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The Topics
Employee Unrest
The PRN Structure
The State Visits
Your Resident=Our Resident

The Guardian Angels.

24 Hours. 7 Days. ONE GOAL TO ACHIEVE. Keep your mind on the Resident.

Employee Unrest

I have noticed something, just lately, that I really never thought of before, but it seems to be becoming more noticeable with all my friends and people I am associated with, regarding working doubles. You know, it's one thing to encounter a situation, where you have to work a few doubles, to get some bills squared away, or when the need occurs to put in some extra time.

But, on the other hand, consider the scenario of actually doing it 5 days straight working 16 hours a day. Now, I have myself been in that situation before, when I worked in the office of a major company, putting in 12-14 hours a day, and coming home to things I still have to take care of, and eventually, you become unaware of your actions.

You really don't realize that you're quite cantankerous but try to imagine how your co-workers can see it when the person they once worked with becomes somewhat irritable and a little more bent out of shape than usual. Short tempered and the like. If an employee can see and sense the strain, I believe a resident, or a visiting family member will be able to sense the same.

Fact is, Nursing Homes, Hospitals, rely on the added help. But, they should also be aware that whether the employee needs the extra time, there is a time to put a foot down, and say enough is enough.

This is not to blame on the Facility. It's a responsible action by the employee to realize when enough is enough. When blow ups begin happening in places like hallways, resident's rooms, someone needs to intervene.

It's unfortunate that these things happen, but they do. They happen in every workplace. I'm not singling out Nursing Homes, nor Hospitals. But, this by far is the worst of all places for a employee/employee problem to be hashed out. Residents hear it see, it, and to make matters worse, the Resident being as aged as they are, hears it, (or parts of it ) and for some reason, they immediately think the situation is regarding them.

I admit, I have some residents, that I have to spend alot of time with. I am not speaking of 15-20 minutes. I'm talking about close to an hour. There are little people that sometimes are very meticulous, and want it done just a certain way. Whether or not I am taking too long is not up to an employee who has acheived getting up 5 people in the time I had to do one, to make an issue of it. But it happens.

Put the shoe on the other foot.

I had one person tell me a while back, they refuse to take care of a certain resident. My demeanor at that time was indifferent, but months later, I took care of that same resident many many times.
I would never, be so bold as to tell someone I refuse to take care of a resident, no matter what the circumstances were. I don't think that's a thing to tell any other working assistant.

Unless, and only unless, that resident, or the family member requested that a certain assistant not handle a resident, due to and then, it becomes a law in that case, but, just because a resident makes a derogatory comment, or just takes too long to deal with, is by far the worst excuse any assistant could rendor. That person, should not even be a part of the force, that deals in healthcare, especially of the elderly. That person, to me, should seek a new line of work.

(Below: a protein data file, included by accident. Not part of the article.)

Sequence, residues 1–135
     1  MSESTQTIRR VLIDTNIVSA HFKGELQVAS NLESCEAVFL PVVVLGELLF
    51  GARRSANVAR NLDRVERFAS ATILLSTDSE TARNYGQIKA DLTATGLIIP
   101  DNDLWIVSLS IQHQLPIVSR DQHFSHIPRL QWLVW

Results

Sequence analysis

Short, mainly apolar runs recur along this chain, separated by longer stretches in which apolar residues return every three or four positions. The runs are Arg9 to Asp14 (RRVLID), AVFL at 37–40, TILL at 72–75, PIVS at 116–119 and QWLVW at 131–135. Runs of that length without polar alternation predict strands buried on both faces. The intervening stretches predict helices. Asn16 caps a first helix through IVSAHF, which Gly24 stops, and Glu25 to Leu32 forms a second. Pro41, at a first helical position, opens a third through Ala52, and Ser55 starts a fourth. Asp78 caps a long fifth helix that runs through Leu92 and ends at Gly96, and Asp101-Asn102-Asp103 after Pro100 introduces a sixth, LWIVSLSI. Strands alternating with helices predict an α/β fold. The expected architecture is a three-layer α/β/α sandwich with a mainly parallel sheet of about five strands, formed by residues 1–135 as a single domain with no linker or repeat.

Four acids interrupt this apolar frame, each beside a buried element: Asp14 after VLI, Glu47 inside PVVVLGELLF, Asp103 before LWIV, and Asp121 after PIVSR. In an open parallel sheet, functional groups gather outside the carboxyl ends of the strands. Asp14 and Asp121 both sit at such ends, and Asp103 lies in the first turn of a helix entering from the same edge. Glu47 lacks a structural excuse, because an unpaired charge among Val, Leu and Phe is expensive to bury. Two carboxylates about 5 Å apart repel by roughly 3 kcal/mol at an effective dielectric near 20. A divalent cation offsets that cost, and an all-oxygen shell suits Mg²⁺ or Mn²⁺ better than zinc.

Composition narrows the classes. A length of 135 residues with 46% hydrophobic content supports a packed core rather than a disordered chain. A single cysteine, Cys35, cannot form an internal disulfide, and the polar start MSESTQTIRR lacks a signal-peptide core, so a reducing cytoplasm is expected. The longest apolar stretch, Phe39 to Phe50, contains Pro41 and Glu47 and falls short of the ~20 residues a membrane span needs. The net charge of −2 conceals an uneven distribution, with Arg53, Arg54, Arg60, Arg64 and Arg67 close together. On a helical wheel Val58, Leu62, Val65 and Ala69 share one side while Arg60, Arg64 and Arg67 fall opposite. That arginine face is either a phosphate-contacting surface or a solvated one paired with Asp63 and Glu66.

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What is the PRN Structure

This is a topic, within a topic. I like this because of my own personal needs. I believe every Nursing Facility should offer this. The reason being, PRN's, or at least where I have been affiliated with. It's not quite agency, where a temp comes in and does not know the Nursing Facility or the residents, but it's a position which is being on that Facilities payroll, but, not on the medical plan, etc., (except workmen's comp being the exception).

First, PRN or known to the layman as "As Needed", seems to solve alot of problems some facilities have with call ins, unexpected NCNS. They call the PRN to come in, she/he pretty well has been affiliated with the facility, and comes in to cover on a basis of need. Yet, in another way , PRN's can work as they want to also. For instance, take myself for an example only. I have ALOT of obligations I have to meet, I can't be on a full time job, with what I do for a living. I have to be off for Christmas, Thanksgiving, a week for an out of town wedding, I must attend.

I have many weekends that I need to not be at work. That's just what things handed me, so because of all this, I cannot afford to call in like so many people do just about every weekend. I have the consideration and I do hate to put this so boldly, to the facility, and my co workers to not be one that comes up with excuses every 5 minutes. This way, can work at the facilities needs, and also my own. Also, switching with another employee, is a headache too, who wants to switch when you've put in 6 weeks with no weekend, and now, a 7th?

I personally don't care if I touched a nerve here re: what I said about call ins. Some are legitimate, but, the one every weekend I heard that shortstaffed us all the time was, "My cat pulled the plug from my alarm clock" OH PLEASE!!! Every weekend? 2-3 hours late?? I agree, tho, if you have to work on some schedule of facilities, 4 on 2 off, you are not going to see a weekend but every 6 weeks. That, is the Facilities fault. I worked at a facility like that, and the call ins are incredible. But, then again, I worked in a facility also that guaranteed every 3rd weekend off, Friday, Saturday and Sunday.

Having a choice, if there was one, I'd rather work in the facility that gave me every 3rd weekend off, but, having another choice, to fit my needs and the facilities, PRN is more inviting.

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This is an area, truthfully, I am not familiar with. But, beginning to want to learn more and more about. I'm treading lightly here, only because I'm considering this as an option to my CNA training and field, I'm thinking seriously of devoting my time to it.